Amanda Tyler is executive director of the Baptist Joint Committee for Religious Liberty in Washington, D.C. A member of the Texas and U.S. Supreme Court Bar, Amanda has experience working in Congress, in a private legal practice and serving as a law clerk for a federal judge.

Amanda, tell us about your early years.

I was born and grew up in Austin, Texas. It seemed like our family was always at church, participating in Sunday and Wednesday activities. We had a relatively small family, but large network of friends like family that supported and nurtured us. These relationships were particularly important when tragedy struck. My younger sister was born with a heart defect and died when she was just twenty months old and I was five years old, which was a formative event in my spiritual life. My younger brother was born when I was seven, and I embraced the big sister role again. I loved to read as a child, and enjoyed school. I tended to have a few close friends, and thrived in small but tight-knit groups over larger settings.

How has your family background influenced the way that you lead?

I am a classic first-born child, which means that I’ve been a leader for as long as I can remember–a quality to which my family can attest, usually to good effect. My mother modeled church leadership for me. She was a lifelong Sunday School teacher, as well as a deacon in our church. She taught me to follow my gifts and find ways to give back to the institutions that matter most to me. She also supported and encouraged me. I always felt like, with enough hard work, I could do anything I set my mind on.

How would you describe your leadership style?

I’m a collaborative and encouraging leader. I know I’m succeeding when I can bring out the best in my team members, to help them lean more into their gifts and use those together to improve the work of the whole. I have a positive, “can do” attitude. I also tend to embrace change, and I challenge the team to always think of better ways we can do things to accomplish our mission. Mutual respect is one of my core values. I never ask of others what I wouldn’t be willing to do myself.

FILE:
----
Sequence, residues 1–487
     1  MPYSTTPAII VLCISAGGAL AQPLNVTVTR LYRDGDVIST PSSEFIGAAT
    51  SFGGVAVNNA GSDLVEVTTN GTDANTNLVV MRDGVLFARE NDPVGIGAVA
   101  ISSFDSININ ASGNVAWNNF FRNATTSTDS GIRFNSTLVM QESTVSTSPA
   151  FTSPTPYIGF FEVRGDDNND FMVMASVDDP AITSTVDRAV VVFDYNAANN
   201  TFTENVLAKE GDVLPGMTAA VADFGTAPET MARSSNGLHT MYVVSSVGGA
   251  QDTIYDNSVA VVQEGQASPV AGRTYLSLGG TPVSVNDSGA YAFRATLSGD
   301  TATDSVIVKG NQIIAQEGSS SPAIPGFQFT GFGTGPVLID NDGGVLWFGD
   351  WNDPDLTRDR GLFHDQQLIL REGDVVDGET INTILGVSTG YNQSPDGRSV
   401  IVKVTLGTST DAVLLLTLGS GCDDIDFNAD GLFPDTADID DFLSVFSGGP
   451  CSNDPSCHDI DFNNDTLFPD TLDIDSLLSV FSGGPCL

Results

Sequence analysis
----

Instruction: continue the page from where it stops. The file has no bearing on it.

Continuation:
Who shaped your leadership style or mentored you as a leader?

I worked for eight years for Congressman Lloyd Doggett, a person for whom I have tremendous respect. He hired me when I was thirty years old to lead his district office. He believed in me as a leader and helped me develop new skills in management and public speaking. He also showed me that one can remain committed to one’s core values and succeed at the highest levels of government because of–not in spite of–those values.

For a few years now I’ve worked with Lauren Laitin, a leadership coach who works with professional women, many of them lawyers like me working in both traditional and non-traditional positions. She has taught me a tremendous amount about leaning on my values, trusting my instincts, taking risks, and learning from my experiences to become an even more effective leader.

What qualities have you observed in other leaders that you have incorporated into your own leadership style?

Active listening is an underrated skill. I think the best leaders spend much of their time listening to others and using that wisdom to help them discern paths forward. Sometimes I am better at this practice than others, but I always try to ask questions and learn from my colleagues, both in the office and in other organizations, as well as supporters and constituents.

What are some key leadership lessons you have learned in recent years?

The best leaders allow their team members to take charge. Finding ways to create leadership opportunities for those who report to you will not only help them develop into better leaders but will also help you manage large workloads by spreading responsibility throughout your team. Also, I’ve learned it is hard to over-communicate as a leader. At times, I’ve assumed that those around me know the direction we are headed in but I’ve learned that things go more smoothly when I communicate the context I see before launching into a new initiative.

What have been some areas of growth for you as a leader?

I expect a lot of myself, and I have learned that that can put pressure on those who work around me too. I am learning to see my leadership not just through my own eyes, but through the eyes of those I work with. I’m also learning patience, which is indeed a virtue and not one that comes naturally to me. The learning process is an incremental, not immediate, one, and enjoying that journey and not wanting to rush through it to mastery has helped me appreciate this first stage of my leadership at the Baptist Joint Committee.

What words of wisdom would you share with recent seminary graduates as they move into new leadership roles?

Your first leadership position will not be your last. Learn from it and use it to discern where God might be leading you next. Seek out resources in the form of mentors, spiritual advisors, or coaches to help you meet challenges and improve your leadership. Take care of yourself so you can take care of others. Appreciate and enjoy your position. It is a high calling and a privilege to be in a position of leadership. Find joy in what you do.